Creating a powerful call to action that gets your readers to take ACTION is either extremely simple or painstakingly difficult. It all depends on whether you shoot for the "80/20" or you're trying to create the mother of all email CTAs.

We'll focus on the 80/20 for now and progressively move towards the "Goldrandlösung" (a German word describing the absolutely 100 percent perfect, albeit over-engineered solution to a problem; literally the "gold-brimmed solution") in the following chapters.

Focus on ONE action

Every email you send needs one clear goal. It does not matter whether that goal is to get more visitors to your latest article or to get more engagement on one of your social channels or to sell more of your product.

Let your emails reflect that one purpose. Include only one call to action. Don't water your message down.

Other people have tested this for you and their results are unanimous: Having just one call to action (instead of many) increases your conversion rate by up to 1617%!

If you absolutely need to have a second call to action, make it explicit what the main call to action is - e.g. by making the primary call-to-action a button and the secondary CTA a text link.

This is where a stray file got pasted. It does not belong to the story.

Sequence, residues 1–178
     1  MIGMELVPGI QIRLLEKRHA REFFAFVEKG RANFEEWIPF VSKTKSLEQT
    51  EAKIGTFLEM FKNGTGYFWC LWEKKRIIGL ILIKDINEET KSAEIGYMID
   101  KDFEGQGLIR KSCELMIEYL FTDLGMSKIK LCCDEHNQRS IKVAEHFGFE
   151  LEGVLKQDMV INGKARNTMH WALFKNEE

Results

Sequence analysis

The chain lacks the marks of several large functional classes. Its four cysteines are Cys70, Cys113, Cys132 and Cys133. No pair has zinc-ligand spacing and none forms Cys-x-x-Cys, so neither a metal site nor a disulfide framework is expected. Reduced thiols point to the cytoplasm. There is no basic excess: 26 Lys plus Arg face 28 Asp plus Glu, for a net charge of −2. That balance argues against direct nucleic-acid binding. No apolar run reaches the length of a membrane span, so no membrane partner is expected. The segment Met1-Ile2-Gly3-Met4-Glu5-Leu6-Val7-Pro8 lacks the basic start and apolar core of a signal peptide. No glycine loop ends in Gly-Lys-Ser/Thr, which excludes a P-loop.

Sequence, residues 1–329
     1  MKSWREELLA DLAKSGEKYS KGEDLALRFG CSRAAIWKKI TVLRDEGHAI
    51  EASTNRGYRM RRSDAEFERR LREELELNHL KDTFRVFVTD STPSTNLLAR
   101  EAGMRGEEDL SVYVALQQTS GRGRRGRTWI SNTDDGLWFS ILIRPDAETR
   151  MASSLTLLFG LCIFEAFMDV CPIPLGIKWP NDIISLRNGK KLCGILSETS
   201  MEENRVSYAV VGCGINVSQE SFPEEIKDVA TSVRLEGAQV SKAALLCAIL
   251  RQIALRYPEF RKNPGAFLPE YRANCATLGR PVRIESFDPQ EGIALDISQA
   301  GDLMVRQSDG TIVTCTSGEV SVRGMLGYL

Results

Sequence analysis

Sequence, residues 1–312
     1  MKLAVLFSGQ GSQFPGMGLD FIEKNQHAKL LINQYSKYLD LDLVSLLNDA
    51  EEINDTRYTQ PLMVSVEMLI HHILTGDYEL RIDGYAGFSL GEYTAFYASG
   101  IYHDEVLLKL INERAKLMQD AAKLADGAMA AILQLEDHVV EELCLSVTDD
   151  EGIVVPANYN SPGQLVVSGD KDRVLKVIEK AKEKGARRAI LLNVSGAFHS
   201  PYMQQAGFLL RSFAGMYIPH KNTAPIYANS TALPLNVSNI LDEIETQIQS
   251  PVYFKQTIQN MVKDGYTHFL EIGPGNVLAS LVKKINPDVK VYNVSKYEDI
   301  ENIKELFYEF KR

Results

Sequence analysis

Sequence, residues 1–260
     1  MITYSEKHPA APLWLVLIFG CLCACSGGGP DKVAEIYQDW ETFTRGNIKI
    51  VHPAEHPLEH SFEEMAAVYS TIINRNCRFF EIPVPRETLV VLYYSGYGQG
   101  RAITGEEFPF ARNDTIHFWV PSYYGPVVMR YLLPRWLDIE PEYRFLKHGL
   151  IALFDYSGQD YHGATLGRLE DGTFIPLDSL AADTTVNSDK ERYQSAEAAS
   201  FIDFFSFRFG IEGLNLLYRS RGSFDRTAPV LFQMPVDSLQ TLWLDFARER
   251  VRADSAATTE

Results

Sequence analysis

Repeat your main Call-to-Action

Not all of your readers are alike. When that sales email finally comes around, some might be trigger-happy and want to purchase right away. That's why it's a good idea to have a CTA up front.

Others might need some more convincing to overcome the objections they have. They'll read the whole email before they are ready to buy - so you have a CTA at the bottom of your email. In fact, this will usually be your big, primary CTA.

Others still will read the whole email, then jump back to what you said three paragraphs in about the price of your product (and why it's a bargain). So it doesn't hurt to have a CTA somewhere in the middle of your email.

And finally, quite a lot of your readers will skim through your email and only two things will catch their attention properly: the opening paragraph and the P.S.; so you add another CTA in the P.S.

Obviously, you don't always include four CTAs, but for important (and LONG) emails it is an option. Some things are worth repeating.

Mind you: All those CTAs call for the same action (namely, buying the product), so you're not really violating the "focus on one CTA" principle.

Check your emails for errors before you send them out

I've been guilty of more than one email marketing plunder, believe me.

There was this time when I send an email to my list and spoke to everyone as if they had already bought my book (which most people on my list haven't - just like with any other list). Or that one time, where I created everyone with a colloquial "Hi{subscriber.first_name}!". Or... you get the idea.

Well, I paid for that lesson - but at least I learned it eventually.

Here's the trick: Whenever I'm about to send a new email (or add a new one to one of my sequences) I send a test copy of that email to my Send Check It. Soon after I receive an email that looks like this:

Send Check It sample response email

Now I know that everything in my email works as expected - and I can queue that email up to be sent to my list.